Nobody likes to be the jerk.
It would be easy to smile and nod and mention the sentimental value of seeing Michael Jackson performing just weeks before the end of his life, and to give “This Is It” a general pass because of the curiosity factor. It would be easy… but it would be dishonest. So I guess I’ll be the jerk in this case.
“This Is It” is barely a movie by any definition. If I bought a deluxe collector’s edition of a polished, finished Michael Jackson concert, and the extra features on disc two were made up of the footage from this film, then maybe I’d say, “Oh, cool, look at him rehearsing. That’s sort of interesting.” But this isn’t a DVD extra. This is a movie that you’re expected to pay full price for in a theater, that’s playing on IMAX screens everywhere, that’s being touted as a major entertainment event.
And whatever “This Is It” is, it ain’t that.
The first and most obvious problem with the film is that Kenny Ortega was simply too close to the subject matter to cut any sort of documentary out of the available footage. I can only imagine how hard it is to sit and watch a collaborator on screen, day after day, while the pain of their death is still fresh, so I’m not going to beat him up. I’ll just say that while he may have upheld his responsibility as a friend of Michael’s, he utterly fails in his responsibility as a filmmaker. Here you are with this footage, the last recorded live performances by one of the biggest superstars in the world, and you’re given the task of making a film out of it. The first thing you need to do is set up interviews to help place that footage in context, and you need to decide what narrative it is that you’re going to craft to help make the film into an experience and not just a clips package. Those choices were never made here, and the result is flabby, inert. I took my co-writer Scott with me tonight because he’s a huge Michael Jackson fan, and even he was bored by the end of the film.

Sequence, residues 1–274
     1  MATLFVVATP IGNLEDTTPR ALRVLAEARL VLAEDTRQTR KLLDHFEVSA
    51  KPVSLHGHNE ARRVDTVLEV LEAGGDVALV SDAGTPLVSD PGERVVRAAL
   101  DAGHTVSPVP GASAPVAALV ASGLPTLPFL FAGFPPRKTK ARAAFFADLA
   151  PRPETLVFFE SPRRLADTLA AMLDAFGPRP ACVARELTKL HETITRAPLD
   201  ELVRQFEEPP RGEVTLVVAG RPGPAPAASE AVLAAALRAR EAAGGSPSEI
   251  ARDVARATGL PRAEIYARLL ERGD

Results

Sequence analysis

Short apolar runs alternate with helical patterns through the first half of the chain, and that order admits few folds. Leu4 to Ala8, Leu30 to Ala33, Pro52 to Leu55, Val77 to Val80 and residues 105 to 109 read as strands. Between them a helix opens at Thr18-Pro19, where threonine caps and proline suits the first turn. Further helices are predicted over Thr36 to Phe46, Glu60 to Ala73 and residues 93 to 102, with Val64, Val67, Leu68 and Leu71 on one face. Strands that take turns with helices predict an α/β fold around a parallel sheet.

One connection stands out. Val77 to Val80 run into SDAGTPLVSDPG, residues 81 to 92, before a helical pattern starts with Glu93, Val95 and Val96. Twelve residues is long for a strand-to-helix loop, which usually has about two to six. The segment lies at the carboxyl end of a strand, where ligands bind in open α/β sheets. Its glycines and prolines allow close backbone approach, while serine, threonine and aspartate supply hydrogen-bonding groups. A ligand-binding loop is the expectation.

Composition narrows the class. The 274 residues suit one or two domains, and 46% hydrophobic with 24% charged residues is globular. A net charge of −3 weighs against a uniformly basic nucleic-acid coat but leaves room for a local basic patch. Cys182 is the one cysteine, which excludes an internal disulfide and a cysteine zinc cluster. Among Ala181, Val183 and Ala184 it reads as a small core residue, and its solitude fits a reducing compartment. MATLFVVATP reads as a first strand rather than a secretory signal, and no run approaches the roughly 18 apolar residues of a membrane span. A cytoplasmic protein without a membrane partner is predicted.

“Oh, relax. It’s a documentary.” Well, no. It’s not. Documentaries have narratives. Documentaries have structure. Documentary filmmakers are filmmakers, and the best ones know that you can’t half-ass the storytelling just because you’re dealing with real events. There are a few moments in this film that suggest what sort of film it could have been, and if anything, those glimpses are frustrating because it seems like this movie didn’t have to be a shapeless mess. At the very beginning, we meet dancers who are auditioning to be part of the tour, and they speak directly to the camera, and in some cases directly to Michael, explaining why they consider it so important to be part of his show. It’s moving because it’s a reminder of just how huge a shadow he cast over the entertainment world at the height of his fame, and how great an influence he continues to have, even after all the years of scandal and commercial marginalization.
If this was going to be valuable as a documentary, then one of the most important things to include is something that is pointedly left out here: Michael’s death. The entire film is built to show us all the effort, all the planning, all the work, all the imagination… all of it focused on these 50 shows in London. But there’s no punchline because we know what happened. Michael died, and all of that work turned out to be for nothing. So why not make us feel the loss? Why not interview his collaborators? Why not talk to them about what could have been? Why not explore the notion of this truncated comeback? It’s silly to treat him like St. Michael in the film… it’s been a long time since he was seen as perfect by the public, so why work so hard to sanitize the movie of all rough and messy signs of life? The most interesting moments involving Michael in the film are the moments where he has problems with the way something works, or where he’s not able to communicate an idea to one of his key collaborators, because in those moments, we see the guy behind the public image. When I wrote about Michael upon the occasion of his death, I didn’t try to sum up his whole life, and I didn’t go out of my way to present some idealized image of him. I told a personal story about my encounter with him because I thought it helped snap him into some sort of human-scale focus. It made him seem more real, while “This Is It” perpetuates the mysterious media image that made him seem so much less real while he was alive.